It's not all sequins and bikinis
The Centre for Culture and the Arts (CCA) at Leeds Beckett and Leeds City Council present the second instalment in the Leeds Cultural Conversations series – ‘It’s not all sequins and bikinis. Power, performance and play in the Leeds and Trinidad carnival’, by Dr Emily Zobel Marshall on Wednesday 7 October at the Thoresby Room, Leeds City Museum.
Speaking ahead of the event, Dr Zobel Marshall, Senior Lecturer in Cultural Studies and Humanities at Leeds Beckett, said: “Using the sinister and captivating trickster masquerade character The Midnight Robber as a guide, my talk will focus on the cultures of resistance in the Caribbean carnival and ask to what extent carnival in Trinidad and Leeds continue to provide a challenge to officialdom.”
2017 will mark the fiftieth anniversary of the Leeds West Indian carnival - the first Caribbean-style street carnival in Europe. To mark the occasion, the CCA at Leeds Beckett is planning an international conference on the history and culture of carnival in May 2017.
Dr Susan Watkins, Director of The Centre for Culture and the Arts at Leeds Beckett, said ‘As part of our Black History Month events, Emily will talk about her research into the tensions between power and resistance in the history of carnival in this talk and ask if a return to traditional Masquerade characters, like the Midnight Robber, is the answer to the perceived commercialisation and commodification of carnival.”
Emily added: “Leeds West Indian carnival is now recognised as one of the city's greatest assets – this talk will give us an opportunity to reflect on the extraordinary dynamics of power, performance and play at the heart of this unique cultural phenomenon.”
Dr Zobel Marshall is an expert in the role of trickster figures in the literatures and cultures of Africa and its Diaspora and has published widely in this area. Her research is informed by Postcolonial theory and spans a broad range of concerns, including race and racial politics and Caribbean carnival cultures. She is particularly interested in forms of cultural resistance and cross-cultural fertilisation in the face of colonialism and often focuses her work on the ways in which hybrid identities, languages and literatures challenge and modify existing social and cultural structures.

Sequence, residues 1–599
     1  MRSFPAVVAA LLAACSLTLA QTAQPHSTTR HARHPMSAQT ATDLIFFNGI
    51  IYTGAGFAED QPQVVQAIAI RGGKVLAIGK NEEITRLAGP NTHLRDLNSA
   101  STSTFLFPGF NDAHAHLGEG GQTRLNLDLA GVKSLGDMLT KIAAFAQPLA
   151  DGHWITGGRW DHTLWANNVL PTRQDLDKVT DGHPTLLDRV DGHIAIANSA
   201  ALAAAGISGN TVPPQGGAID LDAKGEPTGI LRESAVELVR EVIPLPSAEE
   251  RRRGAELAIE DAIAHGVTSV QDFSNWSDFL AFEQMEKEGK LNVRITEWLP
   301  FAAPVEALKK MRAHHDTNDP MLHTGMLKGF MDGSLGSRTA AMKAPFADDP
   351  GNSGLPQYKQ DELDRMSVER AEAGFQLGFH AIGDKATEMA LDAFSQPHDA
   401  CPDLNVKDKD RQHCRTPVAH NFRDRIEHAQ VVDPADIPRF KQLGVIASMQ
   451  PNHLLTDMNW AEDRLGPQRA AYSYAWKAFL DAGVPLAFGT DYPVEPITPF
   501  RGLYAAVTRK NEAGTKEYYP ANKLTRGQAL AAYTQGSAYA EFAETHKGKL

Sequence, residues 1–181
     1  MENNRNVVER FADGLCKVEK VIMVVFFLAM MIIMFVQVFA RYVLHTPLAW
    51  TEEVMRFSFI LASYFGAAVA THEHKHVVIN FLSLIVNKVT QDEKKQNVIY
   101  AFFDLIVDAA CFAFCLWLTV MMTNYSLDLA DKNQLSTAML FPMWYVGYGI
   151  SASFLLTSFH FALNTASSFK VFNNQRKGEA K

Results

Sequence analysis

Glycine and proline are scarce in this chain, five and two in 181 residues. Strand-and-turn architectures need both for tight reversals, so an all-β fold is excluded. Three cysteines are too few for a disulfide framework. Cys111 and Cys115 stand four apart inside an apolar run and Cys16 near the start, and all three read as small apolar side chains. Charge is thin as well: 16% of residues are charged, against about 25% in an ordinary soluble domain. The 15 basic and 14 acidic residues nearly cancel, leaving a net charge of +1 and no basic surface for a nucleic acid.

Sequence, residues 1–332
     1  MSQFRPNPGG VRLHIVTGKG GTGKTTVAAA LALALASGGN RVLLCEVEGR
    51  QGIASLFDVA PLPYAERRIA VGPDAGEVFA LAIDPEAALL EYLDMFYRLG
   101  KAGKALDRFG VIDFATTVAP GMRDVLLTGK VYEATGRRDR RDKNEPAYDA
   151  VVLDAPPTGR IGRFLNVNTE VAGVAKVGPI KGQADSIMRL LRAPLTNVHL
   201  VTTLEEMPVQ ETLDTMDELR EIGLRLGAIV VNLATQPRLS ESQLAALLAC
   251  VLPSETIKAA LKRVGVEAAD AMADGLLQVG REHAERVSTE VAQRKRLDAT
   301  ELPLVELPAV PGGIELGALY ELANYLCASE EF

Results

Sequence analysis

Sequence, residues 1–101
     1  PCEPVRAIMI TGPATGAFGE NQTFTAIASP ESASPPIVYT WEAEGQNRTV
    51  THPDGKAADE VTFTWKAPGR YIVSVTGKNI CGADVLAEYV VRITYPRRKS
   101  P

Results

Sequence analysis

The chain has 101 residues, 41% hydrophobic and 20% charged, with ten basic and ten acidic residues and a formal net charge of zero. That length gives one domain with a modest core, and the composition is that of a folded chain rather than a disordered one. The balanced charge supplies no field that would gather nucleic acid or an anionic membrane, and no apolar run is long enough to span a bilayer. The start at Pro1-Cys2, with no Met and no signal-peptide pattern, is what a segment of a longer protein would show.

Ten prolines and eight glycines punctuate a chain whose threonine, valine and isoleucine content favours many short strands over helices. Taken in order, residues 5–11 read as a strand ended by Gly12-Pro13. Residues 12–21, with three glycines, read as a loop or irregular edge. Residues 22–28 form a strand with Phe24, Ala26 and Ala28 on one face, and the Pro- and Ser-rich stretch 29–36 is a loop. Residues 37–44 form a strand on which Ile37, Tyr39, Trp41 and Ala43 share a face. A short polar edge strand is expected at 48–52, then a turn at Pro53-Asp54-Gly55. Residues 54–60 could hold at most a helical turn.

The series, supported by global academic publisher, Palgrave Macmillan, got off to a topical start in September when Professor Franco Bianchini delivered to a packed house at the city’s art gallery: ‘What is the European Capital of Culture and what it can do for the city’.
Leeds Cultural Conversations sees some of the centres leading academics deliver lunchtime talks in some of the city’s most iconic buildings, including the Town Hall.
For more information on the series please visit www.leedsbeckett.ac.uk/LCC.
Carnival image credit to Max Farrar
The full list of talks is:
‘What is the European Capital of Culture and what it can do for a City’ – Professor Franco Bianchini, Professor of Cultural Policy and Planning. Wednesday 9 September 2015 12.30, Henry Moore lecture Theatre, Leeds Art Gallery.
‘It's not all sequins and bikinis. Power, performance and play in the Leeds and Trinidad carnival.’ - Dr Emily Marshall, Senior Lecturer in Postcolonial. Wednesday 7 October 2015 12.30, Thoresby Room, Leeds City Museum.
‘Retaking the Commons: culture, politics, and the public realm.’ - Dr Andrew Lawson, Reader in American Literature and Dr Katy Shaw, Principal Lecturer in English Literature. Wednesday 11 November 2015 12.30, Sullivan Room, Leeds Town Hall.
‘Doing urban history in an urban world’ - Dr Shane Ewen, Senior Lecturer in Social and Cultural History. Wednesday 9 December 2015 12.30, Sullivan Room, Leeds Town Hall.
‘The real Fagin: the life and crimes of William Sheen’ - Dr Heather Shore, Reader in History. Wednesday 13 January 2015 12.30, Albert Room, Leeds Town Hall.
‘Pride of place: LGBTQ histories and heritage’ - Professor Alison Oram, Professor of Social and Cultural History. Wednesday 10 February 2016 12.30, Albert Room, Leeds Town Hall.
‘Women, visibility and playful acts’ - Dr Liz Stirling, Dr Casey Orr, Jo Hassall, Laura Robinson. Wednesday 9 March 2016 12.30, Albert Room, Leeds Town Hall.
‘Cooking without a clock: women, domesticity and timekeeping in nineteenth century Europe.’ - Dr Rachel Rich, Senior Lecturer in European History. Wednesday 13 April 2016 12.30, Denny Room, Leeds City Museum.
‘Eastern European ‘show trials’ of the 1950s: the Slansky case’ - Dr Kelly Hignett, Senior Lecturer in History. Wednesday 11 May 2016 12.30, Court Room, Leeds Town Hall.